'Grow Old Disgracefully'
Make your morning prayer the sign
of the cross, and give two fingers
to the stuff which weighs you down.
Light up under a ‘no smoking’ sign.
Sit outside the Cathedral where the
down-and-outs gather and treat them
to a cup of tea and a beef burger.
Drink two cups of peppermint tea
after Christmas dinner and don’t
be embarrassed by your windy
emissions. Be grateful for washing
machines, dishwashers, vacuum cleaners,
light bulbs, microwaves, electric kettles,
your senior citizen bus pass, false
teeth, spectacles, thermal underwear,
bed socks, slippers, hot water bottles,
duvets, clean sheets, colour television,
music centres, radio, hot dinners, cups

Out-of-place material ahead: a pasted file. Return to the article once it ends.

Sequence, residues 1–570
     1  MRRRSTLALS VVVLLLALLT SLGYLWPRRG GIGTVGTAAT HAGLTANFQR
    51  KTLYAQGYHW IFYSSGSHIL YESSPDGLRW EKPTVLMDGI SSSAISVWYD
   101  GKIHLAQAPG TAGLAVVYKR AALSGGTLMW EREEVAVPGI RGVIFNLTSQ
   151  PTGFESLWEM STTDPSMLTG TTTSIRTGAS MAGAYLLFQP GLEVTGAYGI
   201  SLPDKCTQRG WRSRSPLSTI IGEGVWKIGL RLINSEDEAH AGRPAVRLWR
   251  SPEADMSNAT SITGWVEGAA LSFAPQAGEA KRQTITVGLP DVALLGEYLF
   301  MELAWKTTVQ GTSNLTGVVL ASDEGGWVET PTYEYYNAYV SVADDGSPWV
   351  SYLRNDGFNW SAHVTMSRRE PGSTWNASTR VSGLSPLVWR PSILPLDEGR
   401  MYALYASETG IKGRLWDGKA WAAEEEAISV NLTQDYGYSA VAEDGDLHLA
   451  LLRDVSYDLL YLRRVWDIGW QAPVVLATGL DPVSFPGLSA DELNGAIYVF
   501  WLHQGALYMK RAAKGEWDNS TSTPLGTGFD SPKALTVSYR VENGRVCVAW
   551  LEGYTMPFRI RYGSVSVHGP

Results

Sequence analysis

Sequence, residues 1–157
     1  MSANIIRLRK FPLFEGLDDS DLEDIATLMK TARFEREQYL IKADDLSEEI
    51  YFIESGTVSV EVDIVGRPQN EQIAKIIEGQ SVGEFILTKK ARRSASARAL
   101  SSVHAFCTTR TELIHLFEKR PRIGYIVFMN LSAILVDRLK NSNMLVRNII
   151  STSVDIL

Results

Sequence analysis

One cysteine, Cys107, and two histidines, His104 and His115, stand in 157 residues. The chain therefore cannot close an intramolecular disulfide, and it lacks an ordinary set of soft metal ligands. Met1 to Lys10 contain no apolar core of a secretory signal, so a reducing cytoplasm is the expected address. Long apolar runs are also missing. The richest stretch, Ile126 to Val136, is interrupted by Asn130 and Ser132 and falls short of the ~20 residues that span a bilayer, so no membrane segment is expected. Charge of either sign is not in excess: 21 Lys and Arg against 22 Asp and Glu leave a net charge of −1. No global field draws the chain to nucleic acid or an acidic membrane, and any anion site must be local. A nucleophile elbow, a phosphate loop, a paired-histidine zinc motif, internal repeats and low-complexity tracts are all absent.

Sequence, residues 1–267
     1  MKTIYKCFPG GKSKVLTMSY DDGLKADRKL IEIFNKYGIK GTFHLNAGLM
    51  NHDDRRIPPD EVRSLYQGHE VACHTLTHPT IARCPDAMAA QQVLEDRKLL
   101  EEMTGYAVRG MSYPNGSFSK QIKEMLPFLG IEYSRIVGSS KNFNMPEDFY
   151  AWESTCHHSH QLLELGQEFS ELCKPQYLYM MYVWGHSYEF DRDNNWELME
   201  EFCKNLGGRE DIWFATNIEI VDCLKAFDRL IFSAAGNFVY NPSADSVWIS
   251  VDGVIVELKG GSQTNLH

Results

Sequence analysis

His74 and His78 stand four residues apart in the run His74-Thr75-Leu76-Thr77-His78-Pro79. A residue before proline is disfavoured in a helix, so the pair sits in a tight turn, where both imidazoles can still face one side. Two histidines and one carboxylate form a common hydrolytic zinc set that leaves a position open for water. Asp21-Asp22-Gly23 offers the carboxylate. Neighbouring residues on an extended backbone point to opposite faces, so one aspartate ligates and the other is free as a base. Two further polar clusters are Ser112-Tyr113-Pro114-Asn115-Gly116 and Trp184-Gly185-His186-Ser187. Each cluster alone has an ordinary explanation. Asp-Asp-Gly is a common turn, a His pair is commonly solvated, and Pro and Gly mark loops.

of tea, mobile phones, internet, hair dye,
legs which can still walk, hands you
can hold, chubby babies you can cuddle,
friends you can talk to and family you
can love and worry about.
Do something you have always dreamed
of doing but never thought you would.
Talk to foreigners, learn to say ‘hello’ in
their language. Walk in unfamiliar places,
get lost and ask someone to point you to
the nearest café. Sit at an occupied table
and start a conversation with strangers.
Go up in a hot air balloon. Engage cold
callers in conversation until you bore them
with the trivia of your life and they slam
the phone down on you. Rage against
bureaucracy. Shoot water pistols at your
grandchildren. Take them to the fair,
ride with them on dodgem cars, buy them
chips, toffee apples, ice creams, candy floss
and fizzy drinks. When they feel sick take
them home to their parents. Turn the tables
on your kids; strategically place your half-
drunk cup of coffee on the floor of their
living room so that someone can kick it
over. Always tell them you love them
and hug them before you leave.
by Norah Hanson, from Sparks
(£7.99 paperback, £2.99 Kindle)
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